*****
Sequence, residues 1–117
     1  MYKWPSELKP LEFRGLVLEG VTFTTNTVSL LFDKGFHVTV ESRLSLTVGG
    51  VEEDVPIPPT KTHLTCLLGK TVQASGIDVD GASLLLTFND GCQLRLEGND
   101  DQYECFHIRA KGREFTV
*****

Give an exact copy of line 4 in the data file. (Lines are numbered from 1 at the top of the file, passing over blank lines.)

   101  DQYECFHIRA KGREFTV